Hopkins v. Chesapeake Utilities Corporation

Annotate this Case

300 A.2d 12 (1972)

John W. HOPKINS and Joseph Martinowski, Plaintiffs, v. CHESAPEAKE UTILITIES CORPORATION, a Delaware corporation, Defendant and Third-Party Plaintiff, v. TEAL CONSTRUCTION, INC., a Delaware corporation, and Chesapeake and Potomac Telephone Company of Maryland, a corporation of the State of Maryland, Third-Party Defendants.

Superior Court of Delaware, New Castle.

December 15, 1972.

Howard Berg, of Berg, Taylor & Komissaroff, Wilmington, for plaintiffs.

Richard E. Poole, of Potter, Anderson & Corroon, Wilmington, for third-party defendant Chesapeake and Potomac Telephone Co. of Maryland.

*13 OPINION

CHRISTIE, Judge.

The present action involves the question of whether an internal administrative memorandum may be discovered under Civil Rule 26, Del.C.Ann., which corresponds exactly to the Federal Rule of the same number. Production of the memorandum involved in the present dispute was requested by plaintiffs, John W. Hopkins and Joseph Martinowski from Chesapeake and Potomac Telephone Company of Maryland (hereinafter referred to as "telephone company"), third-party defendant.

Briefly stated, the facts and circumstances underlying the present motion are as follows. Plaintiffs brought an action against Chesapeake Utilities on account of injuries alleged to have been sustained in an accident in a manhole which was being constructed for the telephone company by Teal Construction Company, an independent contractor. Chesapeake Utilities thereafter joined the telephone company and Teal Construction Company as third-party defendants.

The telephone company has filed answers to interrogatories directed to it by Chesapeake Utilities. In its response to such interrogatories, the telephone company identified an internal administrative memorandum and supplement which had been prepared shortly after the accident by *14 its construction foreman supervisor, Richard A. Grubb, and submitted to the division construction superintendent. The memorandum was prepared from information gathered by Mr. Grubb from conversations with an inspector for the telephone company, Robert L. Money, and employees of Teal Construction Company. Mr. Grubb was not on the scene at the time of the accident and he took no written statements from witnesses. Chesapeake Utilities has subsequently taken the depositions of Messrs. Grubb and Money, and plaintiffs have taken the deposition of the Teal Construction Company foreman, Homer Sparks.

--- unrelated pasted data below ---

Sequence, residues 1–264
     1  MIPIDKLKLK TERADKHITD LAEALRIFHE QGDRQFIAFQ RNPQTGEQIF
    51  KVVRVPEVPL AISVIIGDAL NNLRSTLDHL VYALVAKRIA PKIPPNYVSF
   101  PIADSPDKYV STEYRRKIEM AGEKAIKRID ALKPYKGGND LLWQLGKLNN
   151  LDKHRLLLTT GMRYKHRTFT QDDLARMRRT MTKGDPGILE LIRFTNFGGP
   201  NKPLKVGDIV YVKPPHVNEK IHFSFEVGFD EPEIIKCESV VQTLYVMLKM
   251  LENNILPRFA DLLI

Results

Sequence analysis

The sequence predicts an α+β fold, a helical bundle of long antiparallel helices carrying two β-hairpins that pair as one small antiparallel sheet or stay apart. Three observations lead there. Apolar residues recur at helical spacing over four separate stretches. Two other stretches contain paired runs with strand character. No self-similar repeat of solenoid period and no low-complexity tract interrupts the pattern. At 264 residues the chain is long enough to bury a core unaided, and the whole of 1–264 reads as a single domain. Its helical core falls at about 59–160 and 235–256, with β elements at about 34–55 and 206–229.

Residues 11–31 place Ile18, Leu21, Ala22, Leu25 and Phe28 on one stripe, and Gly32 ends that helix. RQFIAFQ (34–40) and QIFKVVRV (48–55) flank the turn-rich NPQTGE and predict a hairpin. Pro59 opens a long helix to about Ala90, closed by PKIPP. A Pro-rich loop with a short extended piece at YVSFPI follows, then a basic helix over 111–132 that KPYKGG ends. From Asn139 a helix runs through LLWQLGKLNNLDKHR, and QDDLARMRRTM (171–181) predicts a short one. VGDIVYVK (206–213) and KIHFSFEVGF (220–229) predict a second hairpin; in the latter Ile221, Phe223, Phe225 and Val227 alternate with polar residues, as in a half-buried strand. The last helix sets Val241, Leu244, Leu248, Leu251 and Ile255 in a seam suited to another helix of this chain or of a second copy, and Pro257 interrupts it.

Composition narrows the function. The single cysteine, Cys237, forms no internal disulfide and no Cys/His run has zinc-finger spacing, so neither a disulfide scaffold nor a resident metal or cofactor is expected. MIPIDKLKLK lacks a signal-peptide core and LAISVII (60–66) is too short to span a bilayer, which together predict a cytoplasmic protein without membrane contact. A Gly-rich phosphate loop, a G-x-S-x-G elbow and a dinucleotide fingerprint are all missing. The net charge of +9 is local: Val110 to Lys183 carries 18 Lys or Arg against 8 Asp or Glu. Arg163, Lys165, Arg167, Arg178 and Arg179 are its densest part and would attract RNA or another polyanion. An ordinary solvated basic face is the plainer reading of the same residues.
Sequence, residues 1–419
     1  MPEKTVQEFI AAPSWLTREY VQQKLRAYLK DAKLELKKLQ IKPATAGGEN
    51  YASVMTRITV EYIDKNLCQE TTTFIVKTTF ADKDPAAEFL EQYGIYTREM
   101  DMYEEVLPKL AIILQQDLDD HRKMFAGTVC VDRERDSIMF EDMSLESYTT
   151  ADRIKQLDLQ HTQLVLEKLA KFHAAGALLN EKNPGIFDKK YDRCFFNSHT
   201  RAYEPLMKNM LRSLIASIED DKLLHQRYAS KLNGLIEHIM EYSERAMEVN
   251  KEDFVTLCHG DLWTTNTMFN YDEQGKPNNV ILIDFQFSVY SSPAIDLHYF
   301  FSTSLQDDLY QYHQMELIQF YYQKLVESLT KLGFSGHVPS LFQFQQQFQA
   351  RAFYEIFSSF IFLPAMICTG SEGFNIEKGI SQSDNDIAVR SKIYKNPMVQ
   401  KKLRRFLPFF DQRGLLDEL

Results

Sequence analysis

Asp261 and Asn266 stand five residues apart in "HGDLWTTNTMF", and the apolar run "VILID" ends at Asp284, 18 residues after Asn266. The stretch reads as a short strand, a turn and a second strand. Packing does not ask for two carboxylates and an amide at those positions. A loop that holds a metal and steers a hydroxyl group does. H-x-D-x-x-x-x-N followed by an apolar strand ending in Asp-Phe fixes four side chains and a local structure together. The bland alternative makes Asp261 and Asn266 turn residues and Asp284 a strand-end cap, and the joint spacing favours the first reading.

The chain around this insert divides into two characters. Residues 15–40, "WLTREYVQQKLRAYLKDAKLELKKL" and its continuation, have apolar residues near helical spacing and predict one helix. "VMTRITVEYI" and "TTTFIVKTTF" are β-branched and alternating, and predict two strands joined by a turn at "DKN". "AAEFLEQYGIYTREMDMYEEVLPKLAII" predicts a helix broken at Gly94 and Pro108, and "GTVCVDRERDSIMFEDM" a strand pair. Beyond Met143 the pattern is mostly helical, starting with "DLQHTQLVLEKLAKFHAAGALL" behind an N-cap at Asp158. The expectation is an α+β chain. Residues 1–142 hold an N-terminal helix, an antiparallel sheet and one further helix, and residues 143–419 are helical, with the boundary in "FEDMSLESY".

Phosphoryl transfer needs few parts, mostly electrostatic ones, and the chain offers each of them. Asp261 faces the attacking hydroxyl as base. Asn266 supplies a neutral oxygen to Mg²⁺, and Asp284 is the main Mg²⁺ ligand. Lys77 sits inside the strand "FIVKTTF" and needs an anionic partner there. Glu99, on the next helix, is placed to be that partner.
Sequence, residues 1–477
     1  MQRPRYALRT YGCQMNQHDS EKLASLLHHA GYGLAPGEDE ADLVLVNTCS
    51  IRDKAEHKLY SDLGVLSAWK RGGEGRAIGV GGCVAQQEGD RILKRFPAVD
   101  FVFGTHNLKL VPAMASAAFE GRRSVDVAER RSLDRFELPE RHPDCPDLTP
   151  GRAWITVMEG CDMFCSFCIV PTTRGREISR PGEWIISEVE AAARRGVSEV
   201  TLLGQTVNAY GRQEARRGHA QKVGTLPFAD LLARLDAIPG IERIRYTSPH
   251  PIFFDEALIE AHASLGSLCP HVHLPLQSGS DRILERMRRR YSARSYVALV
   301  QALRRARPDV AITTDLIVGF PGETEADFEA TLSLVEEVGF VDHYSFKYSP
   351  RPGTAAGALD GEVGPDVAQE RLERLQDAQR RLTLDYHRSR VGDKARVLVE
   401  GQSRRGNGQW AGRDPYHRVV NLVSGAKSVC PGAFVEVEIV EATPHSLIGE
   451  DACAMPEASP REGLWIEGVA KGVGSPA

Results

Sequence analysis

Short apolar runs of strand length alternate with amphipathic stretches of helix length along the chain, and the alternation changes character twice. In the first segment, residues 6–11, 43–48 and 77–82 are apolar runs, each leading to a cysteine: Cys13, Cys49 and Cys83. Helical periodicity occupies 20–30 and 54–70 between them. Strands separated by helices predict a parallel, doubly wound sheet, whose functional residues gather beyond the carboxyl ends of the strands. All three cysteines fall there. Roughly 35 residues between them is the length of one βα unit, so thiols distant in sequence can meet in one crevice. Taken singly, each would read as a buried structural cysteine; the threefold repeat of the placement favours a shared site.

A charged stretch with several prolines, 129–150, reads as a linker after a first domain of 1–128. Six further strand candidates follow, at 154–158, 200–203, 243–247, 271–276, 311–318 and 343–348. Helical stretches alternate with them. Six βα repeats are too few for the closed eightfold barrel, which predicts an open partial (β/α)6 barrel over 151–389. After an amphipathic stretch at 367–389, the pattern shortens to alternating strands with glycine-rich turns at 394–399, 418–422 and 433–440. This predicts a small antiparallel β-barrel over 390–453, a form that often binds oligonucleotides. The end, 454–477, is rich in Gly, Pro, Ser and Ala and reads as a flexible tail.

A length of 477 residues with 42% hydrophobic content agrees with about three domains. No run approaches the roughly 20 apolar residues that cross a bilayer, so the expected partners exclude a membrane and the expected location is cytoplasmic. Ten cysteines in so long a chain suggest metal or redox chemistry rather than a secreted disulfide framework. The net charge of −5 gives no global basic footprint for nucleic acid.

As grounds for its motion to compel production, plaintiffs assert two alternative arguments. First, they contend that the contents of the memorandum are relevant to the subject matter involved in the pending action, not privileged, and not prepared in anticipation of litigation or for trial so as to allow discovery under Civil Rule 26(b)(1). In the alternative, plaintiffs argue that, even if the memorandum was prepared in anticipation of litigation or for trial, it has met the required showing of "substantial need" of the materials in the preparation of its case and inability without "undue hardship" to obtain the substantial equivalent of the materials by other means.

I find that under the circumstances here present production would be required under each theory.

The telephone company does not contest the relevancy of the memorandum to the subject matter of the pending action, but it does argue that the memorandum was prepared in anticipation of litigation and that the showing of substantial need and of inability to get the information by other means without hardship as required by Civil Rule 26(b) (3) has not been met.

A specific issue presently before this Court is whether the internal administrative memorandum has been shown to have been prepared in anticipation of litigation. If it was not prepared in anticipation of litigation, plaintiffs have satisfied the minimal burden imposed by Civil Rule 26(b) (1); but if it was prepared in anticipation of litigation, it must then be decided whether plaintiffs have met the heavier burden imposed by Civil Rule 26(b)(3).

The Federal Rules Advisory Committee has noted in this regard that materials assembled in the ordinary course of business or for non-litigation purposes are not under the partial immunity granted by Federal Rule 26(b)(3). See 48 F.R.D. 487, 501.

While occasionally ruling in a contradictory fashion and/or requiring a showing of good cause under the old rules, the courts generally have held that statements or reports made by parties and their employees in the regular course of business are not work product and should be produced for discovery when so requested by the opposing party. See 8 Wright and Miller, Federal Practice and Procedure: Civil § 2024 at 199-200; and cases cited in Thomas Organ Co. v. Jadranska Slobodna Plovidba, 54 F.R.D. 367, 371 (N.D.Ill.1972). It continues to be the rule under the amended Federal Rules and the Delaware counterparts that any document which was prepared in the ordinary course of business and not in anticipation of trial is discoverable without any showing of need under Civil Rule 26(b) (1).